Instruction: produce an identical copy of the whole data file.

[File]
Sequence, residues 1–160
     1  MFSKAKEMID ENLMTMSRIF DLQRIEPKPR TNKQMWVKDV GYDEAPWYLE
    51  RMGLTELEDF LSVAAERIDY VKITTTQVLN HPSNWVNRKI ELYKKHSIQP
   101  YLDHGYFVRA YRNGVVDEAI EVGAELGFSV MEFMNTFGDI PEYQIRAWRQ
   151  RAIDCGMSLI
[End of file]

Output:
Sequence, residues 1–160
     1  MFSKAKEMID ENLMTMSRIF DLQRIEPKPR TNKQMWVKDV GYDEAPWYLE
    51  RMGLTELEDF LSVAAERIDY VKITTTQVLN HPSNWVNRKI ELYKKHSIQP
   101  YLDHGYFVRA YRNGVVDEAI EVGAELGFSV MEFMNTFGDI PEYQIRAWRQ
   151  RAIDCGMSLI